By invitation

British PM-hopeful’s Sikh connection

In all likelihood, the next British Prime Minister, following the recent resignation of Theresa May, will be the former Foreign Secretary (the equivalent of our Minster for External Affairs), the colourful Boris Johnson.

British PM-hopeful’s Sikh connection

Marina (L) and Boris Johnson

RAHUL SINGH

RAHUL SINGH

In all likelihood, the next British Prime Minister, following the recent resignation of Theresa May, will be the former Foreign Secretary (the equivalent of our Minster for External Affairs), the colourful Boris Johnson. We will know it in a few days when members of the ruling Conservative Party vote to pick their new leader. But he is the frontrunner, having decimated his main rivals in the earlier voting. Only present Foreign Secretary Jeremy Hunt remains to challenge him. 

If Johnson finally succeeds, I believe he will be the first British PM ever with such a strong Indian connection. At which point I need to be a little personal. Though they are divorcing, his wife, Marina Wheeler — mother of their four children — is half Sikh. Her mother, Dip Singh, who is still alive, was married to my father Khushwant Singh’s youngest brother, Daljit Singh. Daljit was briefly in Delhi politics and also a national junior tennis champion. The marriage did not last long and they had no children. Then, Dip met and fell in love with the distinguished BBC correspondent in New Delhi, Sir Charles Wheeler. They had two daughters, Marina and Shirin. 

A Cambridge University graduate, Marina is an accomplished lady in her own right. She is a “Queen’s Counsel”, an honour given only after 10 years as a barrister and that, too, on a recommendation by the Lord Chancellor. Marina has several Indian cousins in Delhi and Mumbai, since her mother’s sister was married to my father’s eldest brother. In other words, two sisters married two brothers. 

So much for the personal link.

Marina has kept closely in touch with the Indian side of her family, visiting India whenever the occasion arises (she was in Kasauli last October for the Khushwant Singh Litfest). In fact, she is writing a book on her family and told me she could not find much on Sardar Ujjal Singh, who was my grandfather and Sir Sobha Singh’s brother, who was a minister of undivided Punjab soon after Independence and, subsequently, Governor of Punjab and Tamil Nadu. So, if anybody has personal material on him, do mail it to me at singh.84@hotmail.com and I will forward it to Marina.  

Last year, she and her husband, along with three of their children, came to India to see tigers at the reserve in Ranthambore. One of my cousins, Pami, who is also Marina’s cousin, hosted an informal dinner party for them, to which only Marina’s close relatives were invited. Boris was at his charming best, connecting easily with everybody. What impressed me the most was that he knew the first names of all his wife’s relatives who were there, some 15 or so of them. Though I had met him once before in Mumbai some years earlier, this was the first time I got a chance to talk to him one-to-one, at some length. I was surprised that he knew so much about India and its politics. Should he become Britain’s next PM, I think those Indian insights, thanks mainly due to his 25-years of marriage to Marina, however rocky it may have been, and personal visits to this country, should augur well for better Indo-British ties.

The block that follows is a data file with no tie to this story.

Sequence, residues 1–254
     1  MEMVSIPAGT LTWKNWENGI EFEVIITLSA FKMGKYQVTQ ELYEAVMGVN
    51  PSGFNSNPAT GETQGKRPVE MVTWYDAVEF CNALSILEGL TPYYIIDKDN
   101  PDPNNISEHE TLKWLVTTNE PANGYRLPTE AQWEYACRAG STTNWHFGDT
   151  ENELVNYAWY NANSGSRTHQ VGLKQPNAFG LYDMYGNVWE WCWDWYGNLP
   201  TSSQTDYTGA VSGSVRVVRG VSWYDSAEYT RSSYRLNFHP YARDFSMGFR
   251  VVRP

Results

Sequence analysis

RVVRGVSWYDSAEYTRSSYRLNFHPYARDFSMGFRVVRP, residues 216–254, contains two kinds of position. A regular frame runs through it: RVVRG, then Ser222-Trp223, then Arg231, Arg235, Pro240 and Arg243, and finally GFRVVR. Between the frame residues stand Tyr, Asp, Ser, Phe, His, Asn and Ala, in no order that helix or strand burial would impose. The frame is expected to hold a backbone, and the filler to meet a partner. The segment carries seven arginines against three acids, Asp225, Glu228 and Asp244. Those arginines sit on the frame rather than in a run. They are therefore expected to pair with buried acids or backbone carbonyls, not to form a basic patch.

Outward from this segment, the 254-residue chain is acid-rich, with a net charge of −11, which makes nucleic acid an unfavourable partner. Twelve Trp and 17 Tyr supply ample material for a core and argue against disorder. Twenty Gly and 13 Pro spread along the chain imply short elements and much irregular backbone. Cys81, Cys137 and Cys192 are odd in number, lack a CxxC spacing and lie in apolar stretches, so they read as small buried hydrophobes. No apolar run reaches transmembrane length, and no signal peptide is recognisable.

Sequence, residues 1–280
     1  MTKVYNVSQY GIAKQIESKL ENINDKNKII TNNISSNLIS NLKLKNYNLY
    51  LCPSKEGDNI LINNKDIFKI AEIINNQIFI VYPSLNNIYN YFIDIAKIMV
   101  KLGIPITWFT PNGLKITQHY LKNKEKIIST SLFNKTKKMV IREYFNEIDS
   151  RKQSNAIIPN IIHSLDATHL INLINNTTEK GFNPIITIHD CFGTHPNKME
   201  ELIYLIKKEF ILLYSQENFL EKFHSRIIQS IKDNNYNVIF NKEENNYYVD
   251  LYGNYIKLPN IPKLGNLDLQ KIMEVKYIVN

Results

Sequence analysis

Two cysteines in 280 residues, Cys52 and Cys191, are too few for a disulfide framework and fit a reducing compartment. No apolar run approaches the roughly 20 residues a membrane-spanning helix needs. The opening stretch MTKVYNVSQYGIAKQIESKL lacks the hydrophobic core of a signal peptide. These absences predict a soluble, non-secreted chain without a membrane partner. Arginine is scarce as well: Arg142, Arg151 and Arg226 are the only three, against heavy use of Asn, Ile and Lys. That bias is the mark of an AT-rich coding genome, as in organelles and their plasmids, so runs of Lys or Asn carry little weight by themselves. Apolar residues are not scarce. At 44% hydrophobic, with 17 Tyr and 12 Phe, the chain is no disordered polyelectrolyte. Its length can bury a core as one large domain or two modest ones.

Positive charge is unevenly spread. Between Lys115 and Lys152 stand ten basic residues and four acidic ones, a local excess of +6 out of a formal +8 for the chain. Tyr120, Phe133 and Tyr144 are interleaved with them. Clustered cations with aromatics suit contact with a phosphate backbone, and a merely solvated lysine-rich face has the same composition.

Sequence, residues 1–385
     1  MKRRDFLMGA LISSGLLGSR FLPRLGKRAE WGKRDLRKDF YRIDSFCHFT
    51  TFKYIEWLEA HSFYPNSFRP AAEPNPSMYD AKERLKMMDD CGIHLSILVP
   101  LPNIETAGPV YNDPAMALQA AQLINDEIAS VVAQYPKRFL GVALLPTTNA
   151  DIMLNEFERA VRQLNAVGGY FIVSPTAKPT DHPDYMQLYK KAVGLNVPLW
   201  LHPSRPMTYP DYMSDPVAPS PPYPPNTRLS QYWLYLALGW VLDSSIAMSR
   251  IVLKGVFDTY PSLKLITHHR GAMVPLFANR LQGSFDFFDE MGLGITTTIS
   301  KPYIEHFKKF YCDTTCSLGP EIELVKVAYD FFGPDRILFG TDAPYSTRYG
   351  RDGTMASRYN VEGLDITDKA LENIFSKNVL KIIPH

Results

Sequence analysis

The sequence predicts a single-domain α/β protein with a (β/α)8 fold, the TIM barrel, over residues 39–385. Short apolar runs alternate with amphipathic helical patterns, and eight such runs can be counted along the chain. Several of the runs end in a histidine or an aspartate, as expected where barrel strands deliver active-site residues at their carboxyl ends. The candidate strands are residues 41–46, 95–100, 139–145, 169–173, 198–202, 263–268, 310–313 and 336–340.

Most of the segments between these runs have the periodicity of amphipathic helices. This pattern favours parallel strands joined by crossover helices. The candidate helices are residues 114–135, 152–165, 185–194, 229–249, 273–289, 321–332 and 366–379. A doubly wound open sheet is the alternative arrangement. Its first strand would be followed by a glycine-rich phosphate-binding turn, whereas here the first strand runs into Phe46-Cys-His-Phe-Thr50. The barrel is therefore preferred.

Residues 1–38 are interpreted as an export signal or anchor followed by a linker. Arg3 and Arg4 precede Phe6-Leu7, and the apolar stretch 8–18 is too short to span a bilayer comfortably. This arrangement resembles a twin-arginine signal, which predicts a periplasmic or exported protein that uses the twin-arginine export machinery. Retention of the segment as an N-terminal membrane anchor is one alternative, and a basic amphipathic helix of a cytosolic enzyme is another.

My favourable impression of Boris is certainly not shared by many prominent and influential Britishers. When I was in London recently, he made to the front pages of all newspapers there, for all the wrong reasons. His latest lady friend, who is 24 years younger than him (he is 55) had such a noisy row with him one night that a neighbour recorded part of it and summoned the police who, after checking, withdrew from the scene, as no complaint had been made by either Boris or his lady friend. But the neighbour had told the media, which, of course, lapped it up. Outrage followed. Here is a sample. In a column of The Guardian, Max Hastings, a former editor of The Daily Telegraph (when Johnson was one of its foreign correspondents) and who has known Johnson for almost four decades, labelled him as a “cavorting charlatan”, “a rogue”, “a coward” and someone with “contempt for truth”, who would be “unfit for national office.” For one “who cares for nothing but his own fame and gratification”, his elevation as PM would be “a tasteless joke”, concluded  Hastings. Would any Indian journalist dare to use such language against a likely Indian PM, and any major publications publish it? Inconceivable!

Nevertheless, despite such opposition and the publicised indiscretions of his private life, I sense that a majority of the British public is firmly behind the flamboyant Johnson, mainly for his record as a popular and effective Mayor of London and for his hard Brexit stand, which played a key role in the referendum. I have another reason why I think he has more to him than his detractors would have us believe: Marina Wheeler. If such a likeable, attractive and high-powered woman spent 25 years of married life with him, in spite of his infidelity, and bore him four children, there must be something profound and intelligent in the man, not just his superficial showmanship.

— The writer is a veteran journalist

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